A Model for Renewal

Four phases to introduce small group ministry in a declining church.

(This model of renewal for declining congregations is based on The Servant-Witness Model for Congregational Renewal, which is explained in more detail in an upcoming book by Dan Bonner. Much of the work of implementing this model has particularly been centered on urban congregations.)

The servant-witness model for renewal consists of four interactive phases. For a church beginning the process of renewal action, there is a logical sequence to these phases. They are (1) mission development; (2) recruitment development; (3) small group development; and (4) prophetic witness development. Once all four phases are enacted, they continue to function simultaneously, each feeding the others within the congregational life of the revitalizing church.

Phase I: Mission Development

"When we began our efforts at renewal, the first thing we discovered was that we no longer had our fingers on the pulse-beat of the community around us," says Rev. Charles Stith of the Union Memorial Church in Boston. "We had to reacquaint ourselves with the struggles, hopes, and dreams of the people who live closest to us at Union Memorial. Before we could reach them, we had to show we cared about them."

The options for the approaches a church can take to mission development are numerous. The array of possibilities is limited only by the church’s ability and willingness to identify with the needs of its neighbors. Through these actions to meet human need, the church begins to reintroduce itself to its community as a dependable participant in people’s life struggles.

This first phase is missional when the church addresses basic human needs of hunger, housing, learning, or provides other human services. This is not missions in general. It is about the church addressing human needs in its midst. This may involve raising and giving money, but the basic ingredient is the personal involvement of church members with the life struggles of the community residents.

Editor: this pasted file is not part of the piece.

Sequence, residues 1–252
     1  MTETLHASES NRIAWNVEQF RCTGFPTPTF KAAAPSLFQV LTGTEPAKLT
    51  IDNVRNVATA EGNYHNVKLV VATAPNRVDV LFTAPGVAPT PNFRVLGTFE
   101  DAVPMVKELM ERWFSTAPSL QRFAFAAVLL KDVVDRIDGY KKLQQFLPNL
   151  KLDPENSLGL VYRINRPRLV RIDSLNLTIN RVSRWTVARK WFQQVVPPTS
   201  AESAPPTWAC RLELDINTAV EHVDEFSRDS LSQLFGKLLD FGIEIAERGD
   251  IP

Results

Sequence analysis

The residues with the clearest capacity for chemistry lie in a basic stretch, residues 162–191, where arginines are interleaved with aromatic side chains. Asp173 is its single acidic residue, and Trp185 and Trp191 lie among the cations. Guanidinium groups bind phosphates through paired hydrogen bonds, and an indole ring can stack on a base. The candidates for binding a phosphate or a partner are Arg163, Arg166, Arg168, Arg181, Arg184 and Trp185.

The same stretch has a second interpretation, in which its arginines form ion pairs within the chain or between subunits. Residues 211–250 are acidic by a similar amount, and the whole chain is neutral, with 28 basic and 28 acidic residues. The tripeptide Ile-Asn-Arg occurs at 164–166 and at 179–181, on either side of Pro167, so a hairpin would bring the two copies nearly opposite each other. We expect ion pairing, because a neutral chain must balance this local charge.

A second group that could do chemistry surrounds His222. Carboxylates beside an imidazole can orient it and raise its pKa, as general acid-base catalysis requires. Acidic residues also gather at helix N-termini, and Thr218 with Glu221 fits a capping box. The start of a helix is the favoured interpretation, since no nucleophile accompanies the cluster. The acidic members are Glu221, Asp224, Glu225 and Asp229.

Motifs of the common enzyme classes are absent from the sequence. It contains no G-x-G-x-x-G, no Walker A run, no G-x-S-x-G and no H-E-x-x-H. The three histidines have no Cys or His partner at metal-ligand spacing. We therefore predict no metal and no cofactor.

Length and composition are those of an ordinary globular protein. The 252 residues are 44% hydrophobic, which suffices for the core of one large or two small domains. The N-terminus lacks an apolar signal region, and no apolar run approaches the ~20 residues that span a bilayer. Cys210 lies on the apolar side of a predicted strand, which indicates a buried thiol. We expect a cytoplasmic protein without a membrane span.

These actions do more than just provide assistance to the people being served. They also give church members, many of whom live in a different social setting miles from the church building, a growing sense of commitment to those who live around them.

This is an essential starting point from which the church can learn to identify its resources, both personal investment and money, with needs of people around it. Over a period of time, the community begins to see that within previously isolated church buildings, there is a congregation of people who want to become a dependable and cooperative presence in their lives.

Phase II: Recruitment Development

Once a city congregation develops direct services for meeting human needs in its community, new residents within the community around the church may begin to identify the church as an ally in their life-struggles. Through the personal contact of church members with community residents, the worshipping congregation may note a small but discernible upswing in visitors to the church on Sunday from within the community. These few visitors come partly out of curiosity and partly because members they are coming to know in their community intentionally invite them. But a major reason they come is to see if the spiritual longings they feel can be met in the congregation that is beginning to meet their physical needs.

The most important ingredient in a successful recruitment strategy for gaining diverse new members into a previously homogeneous church is intentional hospitality to the stranger. A wealth of biblical examples illustrate the importance of showing intentional hospitality to strangersr. Abraham greeted three strange men at the door of his tent as ambassadors from the Lord (Gen. 18:1-8). Conversely, so many refused to receive Jesus that he bemoaned his isolation, crying one day to an eager scribe, "Foxes have holes, and birds of the air have nests, but the Son of Man has nowhere to lay his head" (Mt. 8:20). These two biblical passages describe hospitality intentionally given by Abraham and hospitality consistently withheld from Jesus. Depending upon which of these two biblical responses greets the visitor, the city church will offer hospitality to the stranger which can lead to new fellowship or rejection, which will only further the church’s decline.

Jesus consistently sought out strangers and the outcasts. The tax collector (Mt. 9:9); a Samaritan prostitute (John 4); the lame, the blind, and the leper (Luke 14:13) were frequently touched by our Lord’s intentional hospitality. How can the renewing city church practice this same kind of intentional hospitality to the stranger who comes to worship today?